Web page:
D.C. City Council member Wilhelmina J. Rolark (D-Ward 8) had little trouble recently in turning out large crowds of supporters for her criminal justice proposals, including a measure to limit prison sentences for many youthful offenders.

Rolark, the chairman of the council's Judiciary Committee, is advocating a long-term policy for the District government that would stress rehabilitation, counseling and job training rather than long prison terms and the construction of new prison facilities.

During public hearings at the District Building last week, her proposals received vigorous support from the D.C. Public Defender Service and advocacy groups that work with convicted felons. But from a purely political standpoint, Rolark is swimming against the tide and likely will have to make major concessions along the way.

Although she wields considerable influence as chairman of the Judiciary Committee, Rolark is little match for the emerging coalition of Mayor Marion Barry, U.S. Attorney Joseph E. diGenova and Sen. Arlen Specter (R-Pa.) that favors building a prison in the District and opposes measures that would signal a softening in the criminal justice system.

Barry was a late convert to the notion that the District needed a new, federally financed prison to relieve overcrowding at the city-run Lorton Reformatory and the D.C. Jail. Until recently, he fully agreed with Rolark that building more prison cells was hardly the answer for attempting to stem the tide of serious crimes in the District.

But the recent overcrowding in the D.C. corrections systems and mounting pressure from Specter, the chairman of the Senate's D.C. appropriations subcommittee, helped Barry reverse his position. And now he is pushing for the construction of a new prison in the District that Rolark says she unalterably opposes.

"Across the board, we do not think bricks and mortar are the answer," Rolark said. "Prisons fill up almost as soon as they go up."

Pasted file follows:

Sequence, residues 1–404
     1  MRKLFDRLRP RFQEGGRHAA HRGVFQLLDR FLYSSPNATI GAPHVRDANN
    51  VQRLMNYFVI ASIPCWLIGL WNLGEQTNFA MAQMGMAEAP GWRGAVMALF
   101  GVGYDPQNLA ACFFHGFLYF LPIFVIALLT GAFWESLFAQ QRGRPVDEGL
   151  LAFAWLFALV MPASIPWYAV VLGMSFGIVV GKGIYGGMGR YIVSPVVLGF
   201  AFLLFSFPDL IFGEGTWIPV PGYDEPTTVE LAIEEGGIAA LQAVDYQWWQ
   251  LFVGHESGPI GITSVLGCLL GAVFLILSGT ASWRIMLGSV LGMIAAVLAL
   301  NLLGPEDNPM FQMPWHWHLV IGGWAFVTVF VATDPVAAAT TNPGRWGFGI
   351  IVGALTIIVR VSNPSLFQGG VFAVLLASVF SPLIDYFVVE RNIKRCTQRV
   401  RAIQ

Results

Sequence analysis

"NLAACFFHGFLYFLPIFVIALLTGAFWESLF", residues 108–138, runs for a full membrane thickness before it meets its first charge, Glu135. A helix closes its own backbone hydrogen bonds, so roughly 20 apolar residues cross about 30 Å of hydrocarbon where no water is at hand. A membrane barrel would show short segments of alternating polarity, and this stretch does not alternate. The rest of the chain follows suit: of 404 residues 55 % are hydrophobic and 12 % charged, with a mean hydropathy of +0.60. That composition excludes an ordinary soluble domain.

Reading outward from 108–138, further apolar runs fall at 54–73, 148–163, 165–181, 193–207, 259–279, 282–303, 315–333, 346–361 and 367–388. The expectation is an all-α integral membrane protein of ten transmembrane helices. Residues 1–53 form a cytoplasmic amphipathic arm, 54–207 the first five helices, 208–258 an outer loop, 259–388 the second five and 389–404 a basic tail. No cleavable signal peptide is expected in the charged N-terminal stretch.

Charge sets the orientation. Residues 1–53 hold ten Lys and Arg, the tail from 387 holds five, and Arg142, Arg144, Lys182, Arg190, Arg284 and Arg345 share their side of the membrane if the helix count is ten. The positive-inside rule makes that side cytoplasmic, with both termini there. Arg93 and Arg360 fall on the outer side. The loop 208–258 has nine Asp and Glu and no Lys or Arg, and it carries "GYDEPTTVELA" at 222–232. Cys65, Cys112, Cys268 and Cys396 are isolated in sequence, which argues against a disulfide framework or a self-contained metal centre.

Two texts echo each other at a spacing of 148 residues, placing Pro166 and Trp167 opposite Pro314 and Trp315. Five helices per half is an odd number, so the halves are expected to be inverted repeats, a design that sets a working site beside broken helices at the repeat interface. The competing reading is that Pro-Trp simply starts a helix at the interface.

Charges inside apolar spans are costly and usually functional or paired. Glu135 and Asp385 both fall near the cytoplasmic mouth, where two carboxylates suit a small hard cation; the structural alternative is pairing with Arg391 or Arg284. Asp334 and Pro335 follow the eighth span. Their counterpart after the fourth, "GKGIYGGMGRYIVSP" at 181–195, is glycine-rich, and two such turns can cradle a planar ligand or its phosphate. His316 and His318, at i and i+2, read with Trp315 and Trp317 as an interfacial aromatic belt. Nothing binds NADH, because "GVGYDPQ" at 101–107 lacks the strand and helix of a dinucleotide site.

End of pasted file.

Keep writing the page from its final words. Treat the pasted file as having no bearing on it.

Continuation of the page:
Rolark's opposition to a new prison stems in part from a parochial concern. Rolark's ward, east of the Anacostia River and home to the largest concentration of poor people in the city, would be considered by city and federal officials as a possible site for the new prison. As Rolark sees it, what Ward 8 needs right now are jobs and economic development and not a new prison that would pose security problems for nearby residents.

Rolark also contends that construction of a new corrections facility would provide at best short-term relief to the overcrowding problem but would do nothing to get at some of the root causes of crime, including inadequate education, job training and drug addiction.

The city should pursue an all-out program to rehabilitate and counsel convicted felons and to divert those who are most deserving from long terms in prison, she said. "With the high level of unemployment and the cutoff of all of these federal programs . . . it the problem of crime is going to get worse, not better," Rolark said.

The centerpiece of her proposal is a youthful offenders rehabilitation bill that would place a four-year limit on prison sentences for many 18- to 21-year-olds convicted of any felony except murder.

Under that proposal, D.C. Superior Court judges would have the discretion to assign youthful offenders to a program of indeterminate sentences of up to four years, with an additional two years probation, provided the judge made a public declaration to justify the action. The youthful prisoners would be incarcerated away from the general adult prison population and the city would provide them with special vocational training, education and counseling.

The courts would have discretion to suspend imposition of a sentence and place the offender on probation.

Last week, City Administrator Thomas Downs objected to key portions of the bill that, in effect, would limit to four years prison sentences for many youthful offenders who committed violent crimes such as rape, armed robbery, felony assault and felony drug law violations.

"We want to send a message to young adults that, in addition to the crime of murder, persons who commit other violent crimes will not be given the chance to receive a less harsh sentence than their older counterparts," Downs said in testifying for the Barry administration.

DiGenova, who also appeared before the Judiciary Committee, told Rolark, "I'm not a big fan of massive programs of alternative sentencing."

The U.S. attorney said that, in the abstract, alternative or reduced sentencing programs are a good idea. However, DiGenova said he doesn't agree with advocates that many of those currently serving time at Lorton could be safely released.

DiGenova said he would refuse to go along with alternative sentencing schemes until the District government prepares a thorough and detailed profile of the current prison population. "I want to know who is doing time and what they're in there for before I ask the public to assume the risk of alternative sentencing," DiGenova said.

Rolark, who once was a victim of a street crime, said she is sensitive to the public's concern about keeping dangerous criminals off the street. But she insisted that something far reaching must be done, other than building a new prison, to try to stem the tide of crime in the District.

"I know people are afraid," she said. "But that can't blind you . . . . You can't think from a purely selfish point of view."